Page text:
Sunday, March 02, 2008

Childhood's End

Over at Observing Japan, Tobias Harris reports on Katō Kōichi's radio broadcast announcement that "YKK is over."

I may be wrong...but I sense that Mr. Harris sees the declaration as both less and more than it is.

YKK – the policy-first political alliance of next-generation politicians Yamasaki Taku, Katō and Koizumi Jun'ichirō--was far more than a footnote in Japanese political history. In the 1990s, the press dutifully covered every flick of a finger by the trio, trying to discern the future course of the LDP, which was assumed to be in their hands. That the trio intended to achieve power on their own terms, without waiting their turn in line for the revolving door of the LDP presidency, in defiance of inter-factional balancing, was a real turn-on for many in the commentariat, the LDP rank-and-file and the general public.

In the end, only one of them managed to become prime minister—but what a prime minister he turned out to be!

As to the significance of Katō's declaration of an end to their fellowship, it must be viewed through the Katō's eyes. He receives a call from his old buddies to come to a restaurant to talk shop. He looks his desk for a moment, then at the pictures on the walls and in the alcove. He reflects for a moment. Koizumi became prime minister, the most celebrated prime minister in a quarter century. Yamasaki had his time in the doghouse due to his mistress...but he is back in the saddle, a faction head who nonchalantly jets off to Beijing once a month, acting as the undisguised back channel to officials of the Pyongyang regime.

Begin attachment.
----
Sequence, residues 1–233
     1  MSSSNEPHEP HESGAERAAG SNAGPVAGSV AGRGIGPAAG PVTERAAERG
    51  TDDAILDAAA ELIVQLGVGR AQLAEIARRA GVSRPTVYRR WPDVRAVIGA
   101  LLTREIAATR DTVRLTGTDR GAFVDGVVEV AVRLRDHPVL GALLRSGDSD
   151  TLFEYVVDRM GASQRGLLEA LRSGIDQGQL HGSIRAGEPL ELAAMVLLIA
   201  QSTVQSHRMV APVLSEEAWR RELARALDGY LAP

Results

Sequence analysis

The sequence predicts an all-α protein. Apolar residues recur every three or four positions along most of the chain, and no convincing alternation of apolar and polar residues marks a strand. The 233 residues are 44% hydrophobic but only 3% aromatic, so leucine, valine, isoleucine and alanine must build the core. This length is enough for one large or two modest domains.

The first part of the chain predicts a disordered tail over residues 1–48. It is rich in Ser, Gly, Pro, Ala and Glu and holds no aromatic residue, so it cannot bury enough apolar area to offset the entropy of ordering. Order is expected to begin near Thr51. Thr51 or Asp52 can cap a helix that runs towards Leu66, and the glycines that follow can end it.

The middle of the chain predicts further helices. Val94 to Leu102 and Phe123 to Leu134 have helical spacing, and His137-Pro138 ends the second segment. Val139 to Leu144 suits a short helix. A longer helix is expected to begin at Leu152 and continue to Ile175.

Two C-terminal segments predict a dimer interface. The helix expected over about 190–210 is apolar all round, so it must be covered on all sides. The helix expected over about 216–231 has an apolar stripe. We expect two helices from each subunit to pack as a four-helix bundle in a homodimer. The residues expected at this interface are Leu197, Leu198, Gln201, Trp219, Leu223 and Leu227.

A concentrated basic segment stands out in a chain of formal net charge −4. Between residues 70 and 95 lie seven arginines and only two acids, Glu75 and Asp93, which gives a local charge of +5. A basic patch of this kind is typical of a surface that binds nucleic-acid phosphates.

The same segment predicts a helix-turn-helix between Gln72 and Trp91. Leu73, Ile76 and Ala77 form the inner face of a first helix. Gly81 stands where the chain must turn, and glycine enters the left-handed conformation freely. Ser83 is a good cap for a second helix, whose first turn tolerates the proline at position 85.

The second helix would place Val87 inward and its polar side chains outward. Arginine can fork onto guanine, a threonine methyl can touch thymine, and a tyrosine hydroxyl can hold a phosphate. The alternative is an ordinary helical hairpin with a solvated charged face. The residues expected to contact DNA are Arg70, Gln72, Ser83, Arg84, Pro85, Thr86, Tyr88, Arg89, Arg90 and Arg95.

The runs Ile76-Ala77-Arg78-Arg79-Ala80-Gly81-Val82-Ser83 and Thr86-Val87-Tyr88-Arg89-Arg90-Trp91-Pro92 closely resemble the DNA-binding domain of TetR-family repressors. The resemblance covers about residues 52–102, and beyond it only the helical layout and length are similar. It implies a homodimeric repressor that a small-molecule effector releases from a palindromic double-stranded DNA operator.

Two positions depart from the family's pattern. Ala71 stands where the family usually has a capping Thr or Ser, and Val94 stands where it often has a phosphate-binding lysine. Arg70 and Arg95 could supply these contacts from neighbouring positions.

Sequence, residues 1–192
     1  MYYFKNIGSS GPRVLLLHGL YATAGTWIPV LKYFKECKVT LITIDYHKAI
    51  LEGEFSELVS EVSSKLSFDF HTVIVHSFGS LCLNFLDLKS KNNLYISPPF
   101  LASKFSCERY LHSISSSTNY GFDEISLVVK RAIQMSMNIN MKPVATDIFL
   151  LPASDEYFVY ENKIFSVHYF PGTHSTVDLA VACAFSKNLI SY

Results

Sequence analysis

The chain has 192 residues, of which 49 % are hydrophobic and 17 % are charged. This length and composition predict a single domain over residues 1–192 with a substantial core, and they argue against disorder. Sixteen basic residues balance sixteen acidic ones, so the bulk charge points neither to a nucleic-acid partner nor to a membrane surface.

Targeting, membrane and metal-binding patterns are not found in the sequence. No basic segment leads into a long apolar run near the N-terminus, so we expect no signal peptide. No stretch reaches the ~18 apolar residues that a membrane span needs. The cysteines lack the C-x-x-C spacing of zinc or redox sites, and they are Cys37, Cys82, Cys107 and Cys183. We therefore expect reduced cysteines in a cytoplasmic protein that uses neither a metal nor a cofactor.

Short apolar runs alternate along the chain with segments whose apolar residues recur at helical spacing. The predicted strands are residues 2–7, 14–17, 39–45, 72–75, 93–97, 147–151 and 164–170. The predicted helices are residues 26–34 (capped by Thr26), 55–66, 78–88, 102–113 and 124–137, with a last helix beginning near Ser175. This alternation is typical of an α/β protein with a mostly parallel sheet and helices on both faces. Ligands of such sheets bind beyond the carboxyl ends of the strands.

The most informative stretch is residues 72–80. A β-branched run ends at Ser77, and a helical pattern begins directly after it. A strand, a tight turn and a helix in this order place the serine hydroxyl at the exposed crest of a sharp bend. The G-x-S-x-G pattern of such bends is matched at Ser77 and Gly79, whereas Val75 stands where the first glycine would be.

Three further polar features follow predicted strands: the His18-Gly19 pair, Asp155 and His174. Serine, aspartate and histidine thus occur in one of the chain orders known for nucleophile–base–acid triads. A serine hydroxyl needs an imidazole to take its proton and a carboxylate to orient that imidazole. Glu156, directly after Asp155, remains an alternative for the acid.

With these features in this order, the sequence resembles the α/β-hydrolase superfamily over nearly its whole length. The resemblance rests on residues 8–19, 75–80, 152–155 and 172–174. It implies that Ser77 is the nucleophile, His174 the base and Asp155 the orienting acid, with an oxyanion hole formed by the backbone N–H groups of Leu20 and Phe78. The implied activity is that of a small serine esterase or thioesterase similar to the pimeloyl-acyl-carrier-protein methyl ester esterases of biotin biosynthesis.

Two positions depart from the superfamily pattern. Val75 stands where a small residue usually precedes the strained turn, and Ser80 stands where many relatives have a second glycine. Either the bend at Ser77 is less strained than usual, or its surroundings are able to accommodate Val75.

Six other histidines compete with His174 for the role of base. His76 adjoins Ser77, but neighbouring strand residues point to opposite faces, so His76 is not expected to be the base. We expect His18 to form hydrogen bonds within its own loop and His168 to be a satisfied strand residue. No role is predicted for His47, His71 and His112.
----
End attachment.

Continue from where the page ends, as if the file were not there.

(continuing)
He, however, lost control of his faction after failing to topple the lamentable Mori Yoshirō from the premiership. He lost his ancestral home and his aged mother was nearly killed by a nationalist arsonist who burnt down the family's house in retribution for Katō's criticism of Koizumi's visits to Yasukuni--a huge loss for simply expressing one's opinion that nevertheless earned Katō and his family almost no sympathy from the public and his fellow party members.

Is it odd then that Katō should tell his former boon companions, "Sorry guys, I can't make it. Politics is not a game for me anymore. Unless whatever you are planning to discuss over dinner is damn serious, count me out."

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